South Viet-Nam

Land of Contrasts

South Viet-Nam -- a thousand miles long; its greatest width a seventh of that. Sub-tropical heat; and the bitter nights of mile-high mountains.

Sophisticated citizens of Saigon, "the Paris of the Orient"; hardy farmers of the lowlands; mountain tribes called "savages" by city-dwellers. 800,000 Confucian Chinese and more than a million Catholics; Buddhists, Taoists, Mohammedans, and a "new" religion embracing them all. These are its people.

Villagers distrust central government yet fight vigorously for their country; there is compulsory education of children but mountain tribes may not understand the language of a tribe ten miles away; tigers and elephants are hunted on high plateaus, and the white sand beaches welcome sunbathers.

City restaurants with French cuisine also serve coagulated pork blood with chopped heart, liver, and intestines; French wines and rice wine compete on equal terms. City streets are used to Western clothing and colorful monks' robes; and black or blue loose cotton shirts and trousers brush against white satin tunics, split to the waist, and satin trousers

Countrymen carry their produce to market in wicker baskets, suspended from a bamboo pole across the shoulders; but there are aircraft everywhere. Railroad lines have rusted away, but oxen pull heavy loads.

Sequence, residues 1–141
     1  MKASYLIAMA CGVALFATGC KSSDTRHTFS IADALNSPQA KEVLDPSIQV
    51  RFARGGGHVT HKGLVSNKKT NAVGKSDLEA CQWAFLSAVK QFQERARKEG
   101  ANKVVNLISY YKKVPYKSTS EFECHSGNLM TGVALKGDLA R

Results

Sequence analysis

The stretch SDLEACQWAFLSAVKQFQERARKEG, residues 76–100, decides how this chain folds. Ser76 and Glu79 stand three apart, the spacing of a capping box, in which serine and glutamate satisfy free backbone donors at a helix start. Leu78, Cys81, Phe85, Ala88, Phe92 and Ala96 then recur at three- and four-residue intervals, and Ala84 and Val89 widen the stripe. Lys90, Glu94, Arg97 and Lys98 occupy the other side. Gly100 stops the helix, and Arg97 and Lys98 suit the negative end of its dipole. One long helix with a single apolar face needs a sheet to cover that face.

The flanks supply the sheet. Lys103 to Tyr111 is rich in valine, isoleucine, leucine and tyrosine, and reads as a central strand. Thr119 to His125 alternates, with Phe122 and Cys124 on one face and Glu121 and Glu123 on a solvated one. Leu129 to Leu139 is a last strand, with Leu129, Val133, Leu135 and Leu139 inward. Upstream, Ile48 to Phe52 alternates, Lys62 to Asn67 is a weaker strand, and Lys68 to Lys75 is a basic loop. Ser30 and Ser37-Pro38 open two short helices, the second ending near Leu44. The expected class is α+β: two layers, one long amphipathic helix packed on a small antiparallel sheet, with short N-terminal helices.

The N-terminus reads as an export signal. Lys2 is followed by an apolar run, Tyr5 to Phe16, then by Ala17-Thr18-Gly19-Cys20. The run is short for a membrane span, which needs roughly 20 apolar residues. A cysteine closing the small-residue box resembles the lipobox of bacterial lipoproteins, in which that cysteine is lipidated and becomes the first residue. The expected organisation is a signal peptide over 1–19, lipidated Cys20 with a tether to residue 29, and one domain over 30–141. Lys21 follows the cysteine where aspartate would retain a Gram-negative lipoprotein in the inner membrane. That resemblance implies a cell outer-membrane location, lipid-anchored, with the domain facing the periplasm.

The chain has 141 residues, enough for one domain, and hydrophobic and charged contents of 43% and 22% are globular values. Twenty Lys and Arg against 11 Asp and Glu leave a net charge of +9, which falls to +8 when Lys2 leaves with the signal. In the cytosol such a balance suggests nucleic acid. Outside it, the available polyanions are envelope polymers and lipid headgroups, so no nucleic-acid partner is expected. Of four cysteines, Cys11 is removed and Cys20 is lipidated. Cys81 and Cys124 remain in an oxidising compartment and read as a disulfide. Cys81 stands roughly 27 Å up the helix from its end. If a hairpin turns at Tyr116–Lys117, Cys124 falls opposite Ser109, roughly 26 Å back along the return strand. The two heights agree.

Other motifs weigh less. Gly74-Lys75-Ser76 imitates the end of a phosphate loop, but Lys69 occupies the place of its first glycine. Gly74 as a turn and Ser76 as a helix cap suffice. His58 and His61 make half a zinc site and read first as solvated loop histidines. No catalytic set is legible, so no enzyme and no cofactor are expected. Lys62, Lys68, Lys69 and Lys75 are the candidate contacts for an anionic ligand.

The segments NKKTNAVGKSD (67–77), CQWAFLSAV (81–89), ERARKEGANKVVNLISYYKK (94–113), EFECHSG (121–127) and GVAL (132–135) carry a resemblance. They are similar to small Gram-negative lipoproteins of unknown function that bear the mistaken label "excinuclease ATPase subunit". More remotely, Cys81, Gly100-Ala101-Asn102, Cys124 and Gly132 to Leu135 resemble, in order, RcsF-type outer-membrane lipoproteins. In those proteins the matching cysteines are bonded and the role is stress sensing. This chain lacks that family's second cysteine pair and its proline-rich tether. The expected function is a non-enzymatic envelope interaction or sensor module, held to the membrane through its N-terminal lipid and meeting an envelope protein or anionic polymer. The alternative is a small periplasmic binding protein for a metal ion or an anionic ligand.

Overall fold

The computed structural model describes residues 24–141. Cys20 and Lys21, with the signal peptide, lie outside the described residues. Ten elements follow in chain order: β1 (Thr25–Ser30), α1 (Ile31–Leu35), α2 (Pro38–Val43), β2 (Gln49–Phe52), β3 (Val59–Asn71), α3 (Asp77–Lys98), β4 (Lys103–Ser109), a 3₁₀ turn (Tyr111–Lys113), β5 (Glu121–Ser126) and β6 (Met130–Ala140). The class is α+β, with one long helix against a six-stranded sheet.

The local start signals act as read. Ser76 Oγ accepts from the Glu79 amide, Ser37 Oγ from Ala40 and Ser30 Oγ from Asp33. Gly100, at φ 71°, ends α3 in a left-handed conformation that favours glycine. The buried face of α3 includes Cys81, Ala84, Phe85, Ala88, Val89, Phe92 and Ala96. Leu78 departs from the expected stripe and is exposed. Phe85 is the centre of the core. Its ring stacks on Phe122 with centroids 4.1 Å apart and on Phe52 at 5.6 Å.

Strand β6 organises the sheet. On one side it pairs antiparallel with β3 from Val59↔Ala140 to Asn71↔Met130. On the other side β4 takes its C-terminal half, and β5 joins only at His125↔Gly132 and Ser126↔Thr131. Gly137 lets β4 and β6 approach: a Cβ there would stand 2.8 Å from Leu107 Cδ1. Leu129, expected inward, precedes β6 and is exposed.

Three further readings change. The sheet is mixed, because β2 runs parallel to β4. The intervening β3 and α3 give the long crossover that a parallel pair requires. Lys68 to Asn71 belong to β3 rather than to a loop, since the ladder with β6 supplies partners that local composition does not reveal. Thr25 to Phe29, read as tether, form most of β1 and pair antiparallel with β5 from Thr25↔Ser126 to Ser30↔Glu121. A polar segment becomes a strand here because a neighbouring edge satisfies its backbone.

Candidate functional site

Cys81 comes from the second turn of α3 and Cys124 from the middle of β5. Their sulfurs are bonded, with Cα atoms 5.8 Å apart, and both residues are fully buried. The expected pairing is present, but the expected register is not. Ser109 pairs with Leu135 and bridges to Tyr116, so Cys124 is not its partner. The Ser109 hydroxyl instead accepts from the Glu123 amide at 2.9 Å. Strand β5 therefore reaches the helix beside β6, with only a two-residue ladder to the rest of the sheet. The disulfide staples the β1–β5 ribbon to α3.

South Viet-Nam -- land of contrasts and variety ... melting-pot of old and new, of many faiths and customs, of towering mountains and warm beaches. A land of terror and hope. A battleground for the Free World's fight against the tyranny of Communism.

Here is a country with a thousand miles of coastline on the South China Sea, and its other border thirty to 130 miles away. Here is a sub-tropical climate in most of its area, and bitter cold nights in its mile-high highlands.

Here are diverse peoples: the sophisticated city-dwellers of Saigon, "the Paris of the Orient"; simple, hard-working farmers; highland Montagnards with their own languages and customs; eight hundred thousand Chinese, largely concentrated in Saigon's suburb of Cholon.

Here are Confucians, Buddhists, Mohammedans, Catholics, Taoists, Christian Protestants, and religion called Dao Dai which is composed of many of the others.

Here are village governments, each composed of numerous tiny hamlets, for many years almost untouched by any central government and inclined to be opposed to central authority of any kind -- government or Viet Cong.

Here is a country with its railroads inoperative because of guerrilla action, its highways useable only by armed convoys, depending upon airlifts (and oxen) for vital transport.

Here is South Viet-Nam, a land of gentle, peaceful people -- but the battleground where the destiny of hundreds of millions will be determined in the war of Communism against the Free World.

Courtesy of The Face Of VIET-NAM, The Land & The People (1966)